The Korea Herald


[Editorial] Rebellion charges

Probe is a double-edged sword for NIS

By Korea Herald

Published : Aug. 29, 2013 - 19:43

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The National Intelligence Service is investigating shocking allegations that a leftist lawmaker and his associates formed an anti-state underground organization and plotted an armed revolt in support of North Korea. On Wednesday, NIS agents raided the offices and homes of Rep. Lee Seok-ki from the Unified Progressive Party and nine others affiliated with the UPP or other left-leaning political and labor groups. Three members of the minor progressive party were detained.

The lawmaker, who went into hiding upon the raid by the intelligence agency, showed up at a party meeting Thursday and insisted all charges against him had been fabricated. The legislator is alleged to have played a leading role in forming an underground group called the “Revolutionary Organization” before he was elected to the National Assembly last year, and instructed its members in May to secure firearms to hit infrastructure facilities if a clash with North Korea broke out.

The charges against Lee and his leftist colleagues are astounding, but they must be subject to thorough and objective investigation.

The raids sparked an angry reaction from the UPP, which accused President Park Geun-hye’s conservative government of reenacting the “Yushin dictatorship,” referring to the authoritarian rule of her late father Park Chung-hee in the 1970s. The party said in a statement it would fight against what it termed as an attempt by the presidential office and the intelligence agency to isolate and annihilate progressive forces.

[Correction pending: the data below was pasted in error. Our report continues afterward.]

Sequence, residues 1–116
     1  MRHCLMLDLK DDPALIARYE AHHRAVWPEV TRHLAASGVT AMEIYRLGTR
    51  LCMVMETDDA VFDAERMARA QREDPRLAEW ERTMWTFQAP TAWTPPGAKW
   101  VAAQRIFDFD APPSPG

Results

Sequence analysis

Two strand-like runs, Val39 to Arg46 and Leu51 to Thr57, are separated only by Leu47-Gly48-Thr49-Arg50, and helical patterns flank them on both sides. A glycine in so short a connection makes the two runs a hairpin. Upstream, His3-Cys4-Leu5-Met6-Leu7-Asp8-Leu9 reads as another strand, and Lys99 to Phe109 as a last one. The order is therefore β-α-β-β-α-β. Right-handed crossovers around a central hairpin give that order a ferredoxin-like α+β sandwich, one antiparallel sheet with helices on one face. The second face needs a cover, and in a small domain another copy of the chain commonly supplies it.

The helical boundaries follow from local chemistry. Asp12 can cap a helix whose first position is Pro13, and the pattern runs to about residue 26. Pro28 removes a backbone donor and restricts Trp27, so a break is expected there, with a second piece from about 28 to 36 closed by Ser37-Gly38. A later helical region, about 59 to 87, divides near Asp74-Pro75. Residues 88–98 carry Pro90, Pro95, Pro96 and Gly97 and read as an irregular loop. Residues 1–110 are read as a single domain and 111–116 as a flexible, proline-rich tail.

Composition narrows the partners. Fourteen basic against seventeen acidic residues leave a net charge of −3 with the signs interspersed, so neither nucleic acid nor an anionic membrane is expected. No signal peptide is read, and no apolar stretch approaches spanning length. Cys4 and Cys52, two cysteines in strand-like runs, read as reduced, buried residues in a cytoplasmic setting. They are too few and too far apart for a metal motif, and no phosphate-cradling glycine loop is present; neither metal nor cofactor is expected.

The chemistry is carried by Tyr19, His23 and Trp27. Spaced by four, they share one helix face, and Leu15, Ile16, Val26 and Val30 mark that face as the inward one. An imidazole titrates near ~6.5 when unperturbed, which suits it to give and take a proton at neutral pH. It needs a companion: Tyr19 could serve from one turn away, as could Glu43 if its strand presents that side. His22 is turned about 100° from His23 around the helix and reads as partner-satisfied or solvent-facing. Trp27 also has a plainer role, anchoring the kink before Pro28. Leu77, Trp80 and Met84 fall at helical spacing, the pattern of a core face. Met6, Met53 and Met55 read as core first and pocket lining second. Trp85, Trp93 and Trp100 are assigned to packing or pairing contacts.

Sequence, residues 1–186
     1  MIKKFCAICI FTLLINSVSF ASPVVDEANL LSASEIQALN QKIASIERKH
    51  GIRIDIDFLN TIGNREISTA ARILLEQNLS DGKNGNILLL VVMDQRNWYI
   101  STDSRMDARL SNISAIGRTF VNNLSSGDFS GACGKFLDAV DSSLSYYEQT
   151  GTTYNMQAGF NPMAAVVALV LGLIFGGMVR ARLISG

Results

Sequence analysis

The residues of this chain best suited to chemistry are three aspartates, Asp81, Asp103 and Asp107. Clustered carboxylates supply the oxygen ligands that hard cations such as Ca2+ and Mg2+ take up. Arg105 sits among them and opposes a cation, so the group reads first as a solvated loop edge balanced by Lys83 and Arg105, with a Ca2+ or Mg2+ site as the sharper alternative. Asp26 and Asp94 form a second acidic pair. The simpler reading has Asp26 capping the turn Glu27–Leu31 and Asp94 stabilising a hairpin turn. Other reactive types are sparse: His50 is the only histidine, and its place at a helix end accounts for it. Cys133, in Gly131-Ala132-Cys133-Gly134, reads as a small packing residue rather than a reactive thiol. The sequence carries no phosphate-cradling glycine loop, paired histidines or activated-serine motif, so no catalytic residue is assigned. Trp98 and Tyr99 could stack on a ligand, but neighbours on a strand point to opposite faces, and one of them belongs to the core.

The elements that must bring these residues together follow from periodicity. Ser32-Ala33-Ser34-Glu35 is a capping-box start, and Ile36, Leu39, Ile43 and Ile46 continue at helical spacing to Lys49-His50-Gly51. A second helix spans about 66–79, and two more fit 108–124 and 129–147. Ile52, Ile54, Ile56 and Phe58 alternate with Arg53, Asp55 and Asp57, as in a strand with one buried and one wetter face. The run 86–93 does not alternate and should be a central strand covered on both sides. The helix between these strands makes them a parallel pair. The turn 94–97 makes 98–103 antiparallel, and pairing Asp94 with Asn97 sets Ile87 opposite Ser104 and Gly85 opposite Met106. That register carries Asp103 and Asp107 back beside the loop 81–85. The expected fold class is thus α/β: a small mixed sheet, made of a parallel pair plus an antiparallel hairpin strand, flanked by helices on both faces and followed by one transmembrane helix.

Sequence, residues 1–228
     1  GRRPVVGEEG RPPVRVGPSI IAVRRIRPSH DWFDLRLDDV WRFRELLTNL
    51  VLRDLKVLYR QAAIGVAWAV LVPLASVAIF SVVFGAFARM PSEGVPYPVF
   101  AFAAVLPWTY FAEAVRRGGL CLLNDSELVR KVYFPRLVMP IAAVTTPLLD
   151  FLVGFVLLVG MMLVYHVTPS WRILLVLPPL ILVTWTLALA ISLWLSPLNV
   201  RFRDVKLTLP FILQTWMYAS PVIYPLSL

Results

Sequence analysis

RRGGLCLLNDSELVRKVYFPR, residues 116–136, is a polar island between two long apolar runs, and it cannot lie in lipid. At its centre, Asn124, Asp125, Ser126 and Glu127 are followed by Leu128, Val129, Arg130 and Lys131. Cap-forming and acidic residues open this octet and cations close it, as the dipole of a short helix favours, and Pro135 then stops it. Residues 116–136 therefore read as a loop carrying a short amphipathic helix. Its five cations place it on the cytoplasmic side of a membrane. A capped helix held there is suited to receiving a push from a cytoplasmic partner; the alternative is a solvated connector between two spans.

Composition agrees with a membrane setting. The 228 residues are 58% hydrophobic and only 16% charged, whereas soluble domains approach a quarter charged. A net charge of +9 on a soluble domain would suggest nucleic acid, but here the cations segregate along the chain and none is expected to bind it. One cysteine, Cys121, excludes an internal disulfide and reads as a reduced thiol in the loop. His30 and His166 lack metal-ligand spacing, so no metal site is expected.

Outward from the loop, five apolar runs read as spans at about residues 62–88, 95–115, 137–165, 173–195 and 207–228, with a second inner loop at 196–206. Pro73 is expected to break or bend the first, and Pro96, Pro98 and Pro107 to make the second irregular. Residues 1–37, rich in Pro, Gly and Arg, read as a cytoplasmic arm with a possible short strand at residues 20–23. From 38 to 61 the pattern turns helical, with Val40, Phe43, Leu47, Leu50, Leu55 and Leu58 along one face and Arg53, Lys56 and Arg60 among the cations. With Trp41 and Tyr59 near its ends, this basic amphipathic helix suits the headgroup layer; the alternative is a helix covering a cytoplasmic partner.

But the grave charges against Lee and other UPP members cannot simply be set aside as politically motivated, as the court issued warrants to search premises and arrest suspects. The more reasonable judgment at this moment is that the NIS has secured some concrete evidence that could prove the suspicions.

The lawmaker, who was convicted of anti-state activities in 2003, should first cooperate with the investigation to clear the accusations against him, if they have all been fabricated, as he claims. The main political parties also need to refrain from using the issue of public security for partisan purposes.

The investigation is poised to become a double-edged sword for the intelligence agency, which is dogged by allegations that it meddled in last year’s presidential election. If the investigation is completed successfully, it would help the NIS deflect mounting pressure for drastic reforms. A failure to prove the rebellion charges would have catastrophic consequences for the agency, and deal a severe political blow to Park.